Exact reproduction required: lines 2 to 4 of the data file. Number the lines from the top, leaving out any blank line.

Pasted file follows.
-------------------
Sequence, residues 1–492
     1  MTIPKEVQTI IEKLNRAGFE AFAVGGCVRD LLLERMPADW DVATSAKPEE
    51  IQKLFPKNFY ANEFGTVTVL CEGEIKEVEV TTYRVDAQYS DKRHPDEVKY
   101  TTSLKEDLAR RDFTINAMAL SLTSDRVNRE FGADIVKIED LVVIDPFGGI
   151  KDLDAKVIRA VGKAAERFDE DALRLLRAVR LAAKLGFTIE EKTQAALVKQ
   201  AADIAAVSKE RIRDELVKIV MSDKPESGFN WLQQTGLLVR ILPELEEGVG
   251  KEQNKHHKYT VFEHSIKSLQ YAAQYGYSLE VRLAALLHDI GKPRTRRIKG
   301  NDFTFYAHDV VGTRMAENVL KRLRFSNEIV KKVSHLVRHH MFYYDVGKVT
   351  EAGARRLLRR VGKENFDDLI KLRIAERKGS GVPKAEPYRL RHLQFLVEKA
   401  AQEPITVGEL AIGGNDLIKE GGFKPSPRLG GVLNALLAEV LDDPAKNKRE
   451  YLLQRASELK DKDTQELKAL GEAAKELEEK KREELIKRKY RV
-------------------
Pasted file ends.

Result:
     1  MTIPKEVQTI IEKLNRAGFE AFAVGGCVRD LLLERMPADW DVATSAKPEE
    51  IQKLFPKNFY ANEFGTVTVL CEGEIKEVEV TTYRVDAQYS DKRHPDEVKY
   101  TTSLKEDLAR RDFTINAMAL SLTSDRVNRE FGADIVKIED LVVIDPFGGI